When Jonathan Franzen’s Freedom was published, in 2010, the British Daily Telegraph called it “the first great American novel of the post-Obama era.” If that sounds oddly specific (not to mention premature), they at least had good reason for it: the title of “first great American novel of the 21st century” had already been awarded to Franzen’s earlier novel, The Corrections, by Elle magazine.
There is, perhaps, a discussion that could be had about the relative authority of the Telegraph versus Elle in making such pronouncements, but in terms of Franzeniana it wouldn’t make much difference—because Margaret Atwood had already beaten out both Freedom and The Corrections as “the first great novel of the new millennium.” (According to Newsday, anyway; the New York Times called it “overlong and badly written.”)
Firsts, firsts, firsts… Critics love ‘em. Jess Walter’s The Financial Lives of the Poets was “the first great novel of the Great Recession”; Julio Cortazar’s Hopscotch “the first great novel of Spanish America. “The first great novel of the Afghan war,” depending on who you ask, is either Patrick Bishop’s Follow Me Home or Joydeep Roy-Bhattacharya’s The Watch. And then there’s my personal, surreal favourite, courtesy Jean Baudrillard—who described J.G. Ballard’s Crash as “the first great novel of the universe of simulation.” There’s one for the flap copy!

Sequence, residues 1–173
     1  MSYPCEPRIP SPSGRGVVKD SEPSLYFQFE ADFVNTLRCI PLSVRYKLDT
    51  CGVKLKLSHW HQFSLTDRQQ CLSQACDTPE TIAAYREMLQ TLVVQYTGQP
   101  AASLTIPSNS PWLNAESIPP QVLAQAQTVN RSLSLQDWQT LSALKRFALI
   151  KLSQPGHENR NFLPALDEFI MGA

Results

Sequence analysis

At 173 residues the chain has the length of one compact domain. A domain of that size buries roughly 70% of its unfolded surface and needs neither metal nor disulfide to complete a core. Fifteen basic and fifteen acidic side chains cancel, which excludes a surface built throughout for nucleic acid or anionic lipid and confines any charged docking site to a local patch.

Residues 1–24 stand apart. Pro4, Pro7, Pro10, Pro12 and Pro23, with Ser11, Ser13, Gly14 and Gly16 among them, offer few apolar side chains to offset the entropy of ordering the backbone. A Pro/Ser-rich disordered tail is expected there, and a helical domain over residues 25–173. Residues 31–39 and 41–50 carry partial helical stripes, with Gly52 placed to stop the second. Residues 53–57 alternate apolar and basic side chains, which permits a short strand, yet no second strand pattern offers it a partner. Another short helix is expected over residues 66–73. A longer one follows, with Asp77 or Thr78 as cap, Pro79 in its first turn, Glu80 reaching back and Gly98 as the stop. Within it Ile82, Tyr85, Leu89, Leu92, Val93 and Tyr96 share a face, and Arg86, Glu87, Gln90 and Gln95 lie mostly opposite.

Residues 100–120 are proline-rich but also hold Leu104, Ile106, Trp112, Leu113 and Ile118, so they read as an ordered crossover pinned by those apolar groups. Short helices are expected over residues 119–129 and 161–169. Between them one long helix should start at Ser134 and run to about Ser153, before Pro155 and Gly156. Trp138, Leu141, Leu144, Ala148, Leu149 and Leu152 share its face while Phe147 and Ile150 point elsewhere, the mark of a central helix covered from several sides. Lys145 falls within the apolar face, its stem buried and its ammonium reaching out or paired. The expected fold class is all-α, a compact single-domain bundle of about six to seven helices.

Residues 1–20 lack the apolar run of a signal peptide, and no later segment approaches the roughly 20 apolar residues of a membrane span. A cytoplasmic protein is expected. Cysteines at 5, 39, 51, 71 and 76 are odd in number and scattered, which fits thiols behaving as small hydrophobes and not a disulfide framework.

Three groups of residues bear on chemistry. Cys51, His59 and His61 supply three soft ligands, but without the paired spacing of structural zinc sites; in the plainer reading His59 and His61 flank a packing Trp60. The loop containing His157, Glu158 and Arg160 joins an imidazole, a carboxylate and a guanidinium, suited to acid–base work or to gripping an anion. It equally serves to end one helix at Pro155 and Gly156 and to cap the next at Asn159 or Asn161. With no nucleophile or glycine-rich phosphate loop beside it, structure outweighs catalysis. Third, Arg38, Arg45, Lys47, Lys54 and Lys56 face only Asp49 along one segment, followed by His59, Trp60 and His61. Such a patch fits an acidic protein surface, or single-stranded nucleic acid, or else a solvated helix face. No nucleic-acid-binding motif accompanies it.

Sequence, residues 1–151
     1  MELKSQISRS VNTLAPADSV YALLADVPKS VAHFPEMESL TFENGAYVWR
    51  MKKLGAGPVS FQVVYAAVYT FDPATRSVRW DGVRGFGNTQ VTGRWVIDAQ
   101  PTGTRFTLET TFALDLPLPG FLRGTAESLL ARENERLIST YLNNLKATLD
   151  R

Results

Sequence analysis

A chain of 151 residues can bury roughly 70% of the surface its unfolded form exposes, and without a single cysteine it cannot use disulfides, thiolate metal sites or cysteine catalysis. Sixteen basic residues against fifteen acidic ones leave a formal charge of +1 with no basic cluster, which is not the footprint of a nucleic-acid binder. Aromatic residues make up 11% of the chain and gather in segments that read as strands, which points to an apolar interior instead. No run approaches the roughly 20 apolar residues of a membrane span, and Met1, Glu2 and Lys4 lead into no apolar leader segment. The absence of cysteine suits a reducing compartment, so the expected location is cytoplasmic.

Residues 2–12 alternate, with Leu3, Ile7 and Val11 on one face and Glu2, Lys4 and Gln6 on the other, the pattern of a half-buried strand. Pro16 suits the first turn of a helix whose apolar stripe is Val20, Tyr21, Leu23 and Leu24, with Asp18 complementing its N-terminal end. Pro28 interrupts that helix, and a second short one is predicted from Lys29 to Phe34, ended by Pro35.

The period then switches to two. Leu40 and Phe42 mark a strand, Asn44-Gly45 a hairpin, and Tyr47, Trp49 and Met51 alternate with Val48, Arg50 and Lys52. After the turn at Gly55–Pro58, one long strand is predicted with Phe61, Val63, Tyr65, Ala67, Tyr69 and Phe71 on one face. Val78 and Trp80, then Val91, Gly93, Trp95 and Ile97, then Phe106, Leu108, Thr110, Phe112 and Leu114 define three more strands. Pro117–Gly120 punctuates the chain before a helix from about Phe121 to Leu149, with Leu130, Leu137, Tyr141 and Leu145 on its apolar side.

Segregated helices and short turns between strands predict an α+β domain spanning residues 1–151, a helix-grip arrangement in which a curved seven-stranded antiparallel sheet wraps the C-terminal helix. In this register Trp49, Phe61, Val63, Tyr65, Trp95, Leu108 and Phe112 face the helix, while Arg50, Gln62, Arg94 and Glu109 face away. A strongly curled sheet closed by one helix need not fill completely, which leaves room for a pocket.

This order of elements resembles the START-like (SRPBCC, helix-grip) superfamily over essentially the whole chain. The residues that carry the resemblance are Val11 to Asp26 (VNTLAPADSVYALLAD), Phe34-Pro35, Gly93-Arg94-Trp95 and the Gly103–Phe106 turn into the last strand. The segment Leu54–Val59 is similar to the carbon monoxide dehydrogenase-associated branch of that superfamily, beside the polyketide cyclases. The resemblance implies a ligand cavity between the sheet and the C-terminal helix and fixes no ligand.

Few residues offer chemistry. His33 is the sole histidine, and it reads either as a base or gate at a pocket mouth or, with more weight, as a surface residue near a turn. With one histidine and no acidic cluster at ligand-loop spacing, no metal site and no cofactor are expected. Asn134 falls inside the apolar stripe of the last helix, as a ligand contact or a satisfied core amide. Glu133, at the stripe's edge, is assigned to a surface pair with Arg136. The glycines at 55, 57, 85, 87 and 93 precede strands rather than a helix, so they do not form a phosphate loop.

The intention behind all this neophilia is admirable, I think—a bit of well-earned ego-stroking for an author who’s done something truly special. Sure, everyone would like to write a great novel, but to write the first great novel… What an honor! Of course, by whatever criterion your book is first, things can only ever go downhill—woe betide poor Franzen, now doomed, at best, to write merely the second great American novel of the post-Obama era. But that doesn’t really matter, because subsequent books can always be the first of something else. And herein lies the problem.
See, when we have so many firsts flying around, we inevitably court the Telegraph’s ridiculous brand of granularity. Witness Esquire on Adam Haslett’s Union Atlantic: “the first great novel of the new century that takes the new century as its topic.” What kind of a compliment is that? (Gee, Adam, if we discount most books written in the last twelve years, you’re right up there!) And “the first great novel of [this year]”—yeesh! You don’t hold a candle to any book published in any other year, folks—but please submit again.
So here, now, my (self-serving) proposition: let’s ditch the first talk. I doubt Franzen cares that, according to the San Francisco Chronicle, White Teeth actually pipped the Corrections by two months—just like I don’t care that Ron Charles was the first to point out all this firsts silliness. He did it his way and now I’m doing it mine. That doesn’t mean, I hope, that we can’t both make positive contributions to the genre—only that, in writing, crossing the line first isn’t always that important.